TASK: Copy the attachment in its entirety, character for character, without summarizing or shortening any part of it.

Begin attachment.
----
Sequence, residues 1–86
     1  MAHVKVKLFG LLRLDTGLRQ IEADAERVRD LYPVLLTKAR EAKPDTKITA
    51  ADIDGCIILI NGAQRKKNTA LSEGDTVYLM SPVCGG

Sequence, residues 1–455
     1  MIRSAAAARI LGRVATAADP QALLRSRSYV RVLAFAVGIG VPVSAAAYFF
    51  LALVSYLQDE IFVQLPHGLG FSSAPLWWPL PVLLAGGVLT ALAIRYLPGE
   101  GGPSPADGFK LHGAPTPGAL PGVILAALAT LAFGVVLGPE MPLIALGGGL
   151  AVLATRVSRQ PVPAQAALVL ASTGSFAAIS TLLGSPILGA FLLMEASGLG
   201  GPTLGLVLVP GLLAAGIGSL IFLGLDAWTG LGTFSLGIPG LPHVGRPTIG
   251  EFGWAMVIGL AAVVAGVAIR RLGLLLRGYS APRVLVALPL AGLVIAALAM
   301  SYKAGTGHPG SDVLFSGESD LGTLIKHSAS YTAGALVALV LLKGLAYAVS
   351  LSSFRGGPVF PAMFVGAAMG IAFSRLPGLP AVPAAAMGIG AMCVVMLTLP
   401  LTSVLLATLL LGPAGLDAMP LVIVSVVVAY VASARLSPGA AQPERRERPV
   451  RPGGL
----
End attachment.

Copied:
Sequence, residues 1–86
     1  MAHVKVKLFG LLRLDTGLRQ IEADAERVRD LYPVLLTKAR EAKPDTKITA
    51  ADIDGCIILI NGAQRKKNTA LSEGDTVYLM SPVCGG

Sequence, residues 1–455
     1  MIRSAAAARI LGRVATAADP QALLRSRSYV RVLAFAVGIG VPVSAAAYFF
    51  LALVSYLQDE IFVQLPHGLG FSSAPLWWPL PVLLAGGVLT ALAIRYLPGE
   101  GGPSPADGFK LHGAPTPGAL PGVILAALAT LAFGVVLGPE MPLIALGGGL
   151  AVLATRVSRQ PVPAQAALVL ASTGSFAAIS TLLGSPILGA FLLMEASGLG
   201  GPTLGLVLVP GLLAAGIGSL IFLGLDAWTG LGTFSLGIPG LPHVGRPTIG
   251  EFGWAMVIGL AAVVAGVAIR RLGLLLRGYS APRVLVALPL AGLVIAALAM
   301  SYKAGTGHPG SDVLFSGESD LGTLIKHSAS YTAGALVALV LLKGLAYAVS
   351  LSSFRGGPVF PAMFVGAAMG IAFSRLPGLP AVPAAAMGIG AMCVVMLTLP
   401  LTSVLLATLL LGPAGLDAMP LVIVSVVVAY VASARLSPGA AQPERRERPV
   451  RPGGL